President Joe Biden on Monday released his fiscal year (FY) 2023 budget request. The House Committee on the Budget will review the request March 29, and the Senate Committee on Budget will review it March 30.
The president’s budget request seeks to increase both military and domestic spending, including a substantial increase for the Department of Health and Human Services (HHS). The administration requested more than $82 billion in mandatory funding for specific agencies related to combating COVID-19 and future pandemics and signaled support for continued investments in telehealth and behavioral health care. Of note for essential hospitals, the administration reaffirmed its commitment to health equity by supporting initiatives to reduce health disparities, including proposed investments to eliminate disparities in maternal health outcomes.
The president’s budget signals administrative priorities and requests for Congress; only lawmakers can appropriate new spending. Congress is not required to adhere to the specifications in the president’s budget request.
The House Committee on Appropriations Subcommittee on Labor, Health and Human Services, Education, and Related Agencies will hold a March 31 hearing to examine the FY 2023 budget request for HHS.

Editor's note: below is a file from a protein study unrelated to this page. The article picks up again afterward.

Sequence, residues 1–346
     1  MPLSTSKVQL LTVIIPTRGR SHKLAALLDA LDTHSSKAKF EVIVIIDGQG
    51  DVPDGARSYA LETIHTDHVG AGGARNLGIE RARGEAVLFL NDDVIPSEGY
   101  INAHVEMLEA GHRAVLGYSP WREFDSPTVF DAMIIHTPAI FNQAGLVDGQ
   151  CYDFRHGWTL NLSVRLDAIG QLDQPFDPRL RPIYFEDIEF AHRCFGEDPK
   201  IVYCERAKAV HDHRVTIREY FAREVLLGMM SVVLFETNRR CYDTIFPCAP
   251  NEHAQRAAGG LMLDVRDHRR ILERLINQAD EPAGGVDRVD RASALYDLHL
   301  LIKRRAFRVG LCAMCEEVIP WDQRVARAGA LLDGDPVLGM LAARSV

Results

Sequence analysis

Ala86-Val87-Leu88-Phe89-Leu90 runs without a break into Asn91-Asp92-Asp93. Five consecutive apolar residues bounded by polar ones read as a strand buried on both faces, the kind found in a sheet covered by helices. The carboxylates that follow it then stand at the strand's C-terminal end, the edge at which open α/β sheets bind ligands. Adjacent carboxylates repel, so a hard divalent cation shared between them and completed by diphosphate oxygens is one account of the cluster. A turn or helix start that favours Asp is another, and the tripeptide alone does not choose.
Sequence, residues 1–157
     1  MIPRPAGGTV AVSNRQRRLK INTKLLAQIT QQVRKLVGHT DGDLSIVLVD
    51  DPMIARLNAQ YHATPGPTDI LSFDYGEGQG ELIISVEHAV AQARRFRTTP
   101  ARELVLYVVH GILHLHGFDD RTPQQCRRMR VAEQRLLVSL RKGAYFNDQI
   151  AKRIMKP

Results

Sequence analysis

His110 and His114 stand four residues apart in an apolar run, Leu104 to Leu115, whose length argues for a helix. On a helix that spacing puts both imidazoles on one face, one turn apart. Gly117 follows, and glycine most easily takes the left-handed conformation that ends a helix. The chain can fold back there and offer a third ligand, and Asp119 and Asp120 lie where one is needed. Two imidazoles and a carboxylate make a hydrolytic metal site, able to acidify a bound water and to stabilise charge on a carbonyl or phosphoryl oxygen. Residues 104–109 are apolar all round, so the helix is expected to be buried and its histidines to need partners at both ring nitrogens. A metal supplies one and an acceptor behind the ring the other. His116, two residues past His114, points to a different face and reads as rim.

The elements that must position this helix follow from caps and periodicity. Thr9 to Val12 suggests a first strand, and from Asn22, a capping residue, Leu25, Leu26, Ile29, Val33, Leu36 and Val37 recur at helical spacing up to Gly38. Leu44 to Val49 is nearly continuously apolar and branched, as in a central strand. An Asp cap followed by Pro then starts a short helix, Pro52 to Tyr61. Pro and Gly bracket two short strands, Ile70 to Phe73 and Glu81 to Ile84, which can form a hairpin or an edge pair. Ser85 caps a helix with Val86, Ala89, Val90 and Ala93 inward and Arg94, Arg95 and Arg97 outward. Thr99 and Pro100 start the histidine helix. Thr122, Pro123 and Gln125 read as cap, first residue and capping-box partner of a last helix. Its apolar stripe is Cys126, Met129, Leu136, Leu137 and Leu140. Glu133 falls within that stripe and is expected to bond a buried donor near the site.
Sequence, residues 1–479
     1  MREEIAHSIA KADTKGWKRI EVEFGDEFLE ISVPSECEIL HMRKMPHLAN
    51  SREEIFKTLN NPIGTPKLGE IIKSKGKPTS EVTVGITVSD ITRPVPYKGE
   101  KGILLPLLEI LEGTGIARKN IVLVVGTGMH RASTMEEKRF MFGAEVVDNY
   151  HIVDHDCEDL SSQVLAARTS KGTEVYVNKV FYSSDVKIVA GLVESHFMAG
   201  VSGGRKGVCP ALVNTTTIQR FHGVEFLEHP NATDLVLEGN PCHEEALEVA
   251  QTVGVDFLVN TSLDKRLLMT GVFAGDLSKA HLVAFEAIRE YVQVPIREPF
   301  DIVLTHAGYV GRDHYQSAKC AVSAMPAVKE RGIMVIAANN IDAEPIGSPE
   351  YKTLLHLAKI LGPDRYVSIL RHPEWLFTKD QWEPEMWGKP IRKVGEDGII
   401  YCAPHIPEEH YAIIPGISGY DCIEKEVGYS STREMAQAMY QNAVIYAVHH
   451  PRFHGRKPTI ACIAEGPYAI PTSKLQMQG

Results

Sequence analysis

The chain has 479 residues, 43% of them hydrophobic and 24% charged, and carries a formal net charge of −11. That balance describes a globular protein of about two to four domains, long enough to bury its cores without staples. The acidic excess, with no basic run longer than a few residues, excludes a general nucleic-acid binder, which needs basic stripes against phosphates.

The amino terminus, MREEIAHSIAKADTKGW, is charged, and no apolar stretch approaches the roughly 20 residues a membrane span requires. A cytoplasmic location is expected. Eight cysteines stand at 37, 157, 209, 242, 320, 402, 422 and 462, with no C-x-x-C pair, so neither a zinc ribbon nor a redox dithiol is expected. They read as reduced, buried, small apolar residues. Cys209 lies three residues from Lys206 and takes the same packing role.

Talks Continue on COVID-19 Relief
Lawmakers continue to explore appropriating additional funds to respond to COVID-19. Reports indicate Senate Majority Leader Chuck Schumer (D-N.Y.) is negotiating with Sen. Mitt Romney (R-Utah) to develop a supplemental COVID-19 package after the FY 2022 omnibus spending bill excluded funding for COVID-19 relief and recovery. The path forward remains unclear, as a bill would require support from all Democrats and at least 10 Republicans to pass in the Senate through regular order.
Congress Addresses Low Vaccination Rates Among Medicaid Beneficiaries
On March 25, Sen. Robert Casey Jr. (D-Pa.), chair of the Senate Special Committee on Aging, and Sen. Ron Wyden (D-Ore.), chair of the Senate Committee on Finance sent a letter to the comptroller general at the U.S. Government Accountability Office (GAO) regarding vaccination rates among Medicaid beneficiaries. The letter highlights low vaccination rates among Medicaid enrollees compared with the national population and asks the GAO to investigate why rates are lower and how to increase them.
Hearing on Behavioral, Mental Health
The Senate Committee on Finance will hold a March 30 hearing on behavioral and mental health, specifically regarding parity and care integration in the health care system. John Dicken, director of health care at GAO, will testify at the hearing.
2022 Midterm Elections: A Deep Dive into Key Races
Join the Federal Action Network (FAN) April 7, at 1 pm ET, for an exclusive webinar featuring POLITICO national political reporter Elena Schneider who will share what potential election outcomes could mean for American politics and essential hospitals. Register today!